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Inside Look: Buildings offer urban farming as a must-have amenity

Access to fresh produce is bringing residents to these NYC buildings.

Residents looking for more space to grow are taking the concept literally as buildings across New York City now offer access to fresh produce.

This food doesn’t come from a fancy supermarket or co-op attached to the buildings, but are garden plots and farms available to residents as the latest amenities.

Here are three buildings, in three different boroughs, that are striving to change the urban landscapefor their residents.

Hunter’s Point South

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Part of the residential complex on the Long Island City, Queens waterfront that includes affordable housing, the Hunter’s Point South Living Urban Farm has teamed up with nonprofit GrowNYC to create its 2,300-square-foot organic garden. Located on the 13th-floor terrace of Hunter’s Point South Commons, the garden features 13 planting beds and is irrigated by a storm water retention tank. Residents, from spring through fall, have access to the garden’s seasonal vegetables, fruits, beans and herbs. They can also learn about beekeeping through the garden’s apiary that houses approximately 20,000 honey bees.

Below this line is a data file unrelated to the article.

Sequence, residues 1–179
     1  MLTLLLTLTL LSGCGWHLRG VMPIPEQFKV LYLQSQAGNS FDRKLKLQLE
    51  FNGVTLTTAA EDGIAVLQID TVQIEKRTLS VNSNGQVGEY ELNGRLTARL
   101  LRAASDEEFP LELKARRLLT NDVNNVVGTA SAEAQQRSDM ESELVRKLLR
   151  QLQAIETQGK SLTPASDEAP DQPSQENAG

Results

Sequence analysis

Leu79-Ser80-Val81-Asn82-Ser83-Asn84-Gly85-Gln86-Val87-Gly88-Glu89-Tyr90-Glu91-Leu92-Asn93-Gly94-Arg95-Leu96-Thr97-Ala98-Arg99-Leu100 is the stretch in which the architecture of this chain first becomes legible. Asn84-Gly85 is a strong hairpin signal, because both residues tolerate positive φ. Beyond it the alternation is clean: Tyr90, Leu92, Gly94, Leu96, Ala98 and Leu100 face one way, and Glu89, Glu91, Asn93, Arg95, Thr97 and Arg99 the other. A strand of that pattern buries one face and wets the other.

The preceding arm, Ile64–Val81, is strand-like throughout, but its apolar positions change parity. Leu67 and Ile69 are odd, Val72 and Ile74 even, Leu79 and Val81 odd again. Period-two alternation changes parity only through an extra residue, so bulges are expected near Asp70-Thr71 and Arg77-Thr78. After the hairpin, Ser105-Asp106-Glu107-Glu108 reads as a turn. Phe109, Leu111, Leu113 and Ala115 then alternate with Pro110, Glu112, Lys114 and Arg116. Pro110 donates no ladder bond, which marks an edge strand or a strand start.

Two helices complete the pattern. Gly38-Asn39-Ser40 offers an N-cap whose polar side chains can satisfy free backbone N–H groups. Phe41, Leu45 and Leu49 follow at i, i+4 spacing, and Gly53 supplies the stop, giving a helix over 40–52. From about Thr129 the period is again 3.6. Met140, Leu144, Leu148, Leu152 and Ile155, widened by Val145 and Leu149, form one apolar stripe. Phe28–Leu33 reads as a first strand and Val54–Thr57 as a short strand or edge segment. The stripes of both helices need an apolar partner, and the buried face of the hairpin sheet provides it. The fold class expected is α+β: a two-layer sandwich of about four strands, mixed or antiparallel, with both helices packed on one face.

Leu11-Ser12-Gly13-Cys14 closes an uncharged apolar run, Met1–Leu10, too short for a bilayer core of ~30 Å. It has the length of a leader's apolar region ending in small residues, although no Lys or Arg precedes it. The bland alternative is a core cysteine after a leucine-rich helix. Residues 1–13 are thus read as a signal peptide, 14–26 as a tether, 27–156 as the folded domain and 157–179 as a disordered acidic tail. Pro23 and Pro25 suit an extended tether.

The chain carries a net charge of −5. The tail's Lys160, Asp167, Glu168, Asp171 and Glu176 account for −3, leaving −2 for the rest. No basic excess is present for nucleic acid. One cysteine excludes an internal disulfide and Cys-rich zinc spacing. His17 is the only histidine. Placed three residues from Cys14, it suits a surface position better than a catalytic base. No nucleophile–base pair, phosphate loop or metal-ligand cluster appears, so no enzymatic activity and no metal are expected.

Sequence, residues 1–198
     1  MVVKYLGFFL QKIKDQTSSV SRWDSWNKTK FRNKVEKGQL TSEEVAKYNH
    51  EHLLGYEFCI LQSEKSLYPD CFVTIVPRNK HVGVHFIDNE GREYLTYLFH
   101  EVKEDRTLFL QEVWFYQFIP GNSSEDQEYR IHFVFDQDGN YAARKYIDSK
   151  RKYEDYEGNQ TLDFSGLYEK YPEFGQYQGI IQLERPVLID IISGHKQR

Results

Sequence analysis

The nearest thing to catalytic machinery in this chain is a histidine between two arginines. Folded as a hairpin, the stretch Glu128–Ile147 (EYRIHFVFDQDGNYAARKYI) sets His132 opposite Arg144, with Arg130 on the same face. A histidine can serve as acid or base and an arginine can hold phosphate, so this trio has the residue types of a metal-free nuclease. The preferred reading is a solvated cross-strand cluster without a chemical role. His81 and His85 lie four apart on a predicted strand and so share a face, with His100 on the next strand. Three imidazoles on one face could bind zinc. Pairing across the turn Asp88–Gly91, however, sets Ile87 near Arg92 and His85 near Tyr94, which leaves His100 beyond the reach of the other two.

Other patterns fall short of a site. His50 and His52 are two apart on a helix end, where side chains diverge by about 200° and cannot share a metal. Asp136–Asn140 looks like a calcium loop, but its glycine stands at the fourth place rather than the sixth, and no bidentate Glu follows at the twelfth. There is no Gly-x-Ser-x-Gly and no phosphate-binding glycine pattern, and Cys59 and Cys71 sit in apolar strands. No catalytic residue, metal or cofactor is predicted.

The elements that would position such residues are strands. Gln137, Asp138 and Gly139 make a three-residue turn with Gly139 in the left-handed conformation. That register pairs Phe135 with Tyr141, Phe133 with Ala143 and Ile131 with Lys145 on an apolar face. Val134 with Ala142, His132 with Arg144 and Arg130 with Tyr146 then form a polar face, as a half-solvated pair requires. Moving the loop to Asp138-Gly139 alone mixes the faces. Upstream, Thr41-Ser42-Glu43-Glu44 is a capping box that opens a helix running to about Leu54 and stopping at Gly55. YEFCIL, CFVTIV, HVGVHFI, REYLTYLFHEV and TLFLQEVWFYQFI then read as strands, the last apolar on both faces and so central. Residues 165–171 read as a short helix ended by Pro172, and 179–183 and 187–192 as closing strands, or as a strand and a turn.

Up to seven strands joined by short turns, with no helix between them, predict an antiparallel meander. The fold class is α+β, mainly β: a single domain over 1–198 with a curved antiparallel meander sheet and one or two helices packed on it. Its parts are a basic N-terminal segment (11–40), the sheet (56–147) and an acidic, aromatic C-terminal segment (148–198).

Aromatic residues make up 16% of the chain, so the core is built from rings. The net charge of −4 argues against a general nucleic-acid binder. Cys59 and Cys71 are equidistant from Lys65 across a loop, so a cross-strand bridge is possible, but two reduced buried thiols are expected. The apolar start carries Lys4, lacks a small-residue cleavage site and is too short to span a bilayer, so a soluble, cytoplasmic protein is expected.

550 Vanderbilt

The first of 14 residential buildings that will comprise the Pacific Park project near Brooklyn’s Barclays Center, the condo features a 3,500-square-foot landscaped roof deck. The outdoor space not only has a grill, full kitchen and seating, but also individual garden plots for residents. With these plots, residents have the option to grow their own fruits, vegetables and herbs.

Urby Staten Island

One of the city’s largest urban farms, Urby Staten Island measures 5,000 square feet and grows over 50 varieties of produce — including greens, summer vegetables, flowers, herbs and roots. The farm is managed by a farmer-in-residence, with produce served through its test kitchen, and sold at a weekly farmer’s market and in its Bodega. Residents are also encouraged to come together through large picnic tables for shared dining and by growing their own herbs and vegetables. Urby additionally features an apiary with 20 beehives on its roof. There are plans for the honey to be served in Urby’s Coffeed café and sold at the Bodega.

 
 
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